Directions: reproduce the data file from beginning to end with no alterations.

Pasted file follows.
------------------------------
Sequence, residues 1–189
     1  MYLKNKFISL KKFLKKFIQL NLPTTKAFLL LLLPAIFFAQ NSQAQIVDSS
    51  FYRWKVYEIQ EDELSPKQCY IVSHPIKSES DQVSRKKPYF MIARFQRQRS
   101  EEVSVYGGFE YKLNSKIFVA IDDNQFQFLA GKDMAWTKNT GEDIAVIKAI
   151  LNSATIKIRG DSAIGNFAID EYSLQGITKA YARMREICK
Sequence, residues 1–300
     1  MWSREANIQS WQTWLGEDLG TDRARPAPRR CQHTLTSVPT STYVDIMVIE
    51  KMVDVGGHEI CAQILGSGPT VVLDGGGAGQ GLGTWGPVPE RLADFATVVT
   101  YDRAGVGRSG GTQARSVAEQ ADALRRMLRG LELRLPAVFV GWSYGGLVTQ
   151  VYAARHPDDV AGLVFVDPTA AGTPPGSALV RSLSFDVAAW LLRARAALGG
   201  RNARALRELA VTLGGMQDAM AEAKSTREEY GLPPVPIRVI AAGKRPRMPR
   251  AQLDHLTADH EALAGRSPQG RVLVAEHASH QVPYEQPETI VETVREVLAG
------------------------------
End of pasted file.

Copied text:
Sequence, residues 1–189
     1  MYLKNKFISL KKFLKKFIQL NLPTTKAFLL LLLPAIFFAQ NSQAQIVDSS
    51  FYRWKVYEIQ EDELSPKQCY IVSHPIKSES DQVSRKKPYF MIARFQRQRS
   101  EEVSVYGGFE YKLNSKIFVA IDDNQFQFLA GKDMAWTKNT GEDIAVIKAI
   151  LNSATIKIRG DSAIGNFAID EYSLQGITKA YARMREICK
Sequence, residues 1–300
     1  MWSREANIQS WQTWLGEDLG TDRARPAPRR CQHTLTSVPT STYVDIMVIE
    51  KMVDVGGHEI CAQILGSGPT VVLDGGGAGQ GLGTWGPVPE RLADFATVVT
   101  YDRAGVGRSG GTQARSVAEQ ADALRRMLRG LELRLPAVFV GWSYGGLVTQ
   151  VYAARHPDDV AGLVFVDPTA AGTPPGSALV RSLSFDVAAW LLRARAALGG
   201  RNARALRELA VTLGGMQDAM AEAKSTREEY GLPPVPIRVI AAGKRPRMPR
   251  AQLDHLTADH EALAGRSPQG RVLVAEHASH QVPYEQPETI VETVREVLAG